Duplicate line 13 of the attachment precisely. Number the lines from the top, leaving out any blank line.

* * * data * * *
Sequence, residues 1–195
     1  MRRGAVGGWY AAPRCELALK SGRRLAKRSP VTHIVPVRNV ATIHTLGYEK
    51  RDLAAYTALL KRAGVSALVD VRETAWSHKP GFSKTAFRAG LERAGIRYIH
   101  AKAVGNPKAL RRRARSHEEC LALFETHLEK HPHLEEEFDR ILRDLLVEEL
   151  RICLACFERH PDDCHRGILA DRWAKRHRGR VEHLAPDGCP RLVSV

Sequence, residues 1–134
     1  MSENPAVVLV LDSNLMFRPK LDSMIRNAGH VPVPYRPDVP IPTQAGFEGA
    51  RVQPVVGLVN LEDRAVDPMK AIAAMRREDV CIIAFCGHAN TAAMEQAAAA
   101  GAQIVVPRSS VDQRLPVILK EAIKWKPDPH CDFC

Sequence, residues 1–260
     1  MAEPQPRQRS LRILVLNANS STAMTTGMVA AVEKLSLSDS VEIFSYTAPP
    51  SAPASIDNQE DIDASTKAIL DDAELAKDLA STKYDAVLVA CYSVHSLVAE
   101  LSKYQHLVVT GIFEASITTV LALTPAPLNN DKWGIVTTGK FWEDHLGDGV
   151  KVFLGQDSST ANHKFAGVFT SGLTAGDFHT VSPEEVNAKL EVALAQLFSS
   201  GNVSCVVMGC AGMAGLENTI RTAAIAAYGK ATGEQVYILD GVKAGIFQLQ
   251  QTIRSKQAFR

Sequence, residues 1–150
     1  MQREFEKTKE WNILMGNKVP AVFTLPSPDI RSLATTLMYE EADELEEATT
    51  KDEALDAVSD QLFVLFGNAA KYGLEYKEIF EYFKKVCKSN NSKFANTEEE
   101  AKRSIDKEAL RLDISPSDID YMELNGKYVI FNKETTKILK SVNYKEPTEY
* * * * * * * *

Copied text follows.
   101  LSKYQHLVVT GIFEASITTV LALTPAPLNN DKWGIVTTGK FWEDHLGDGV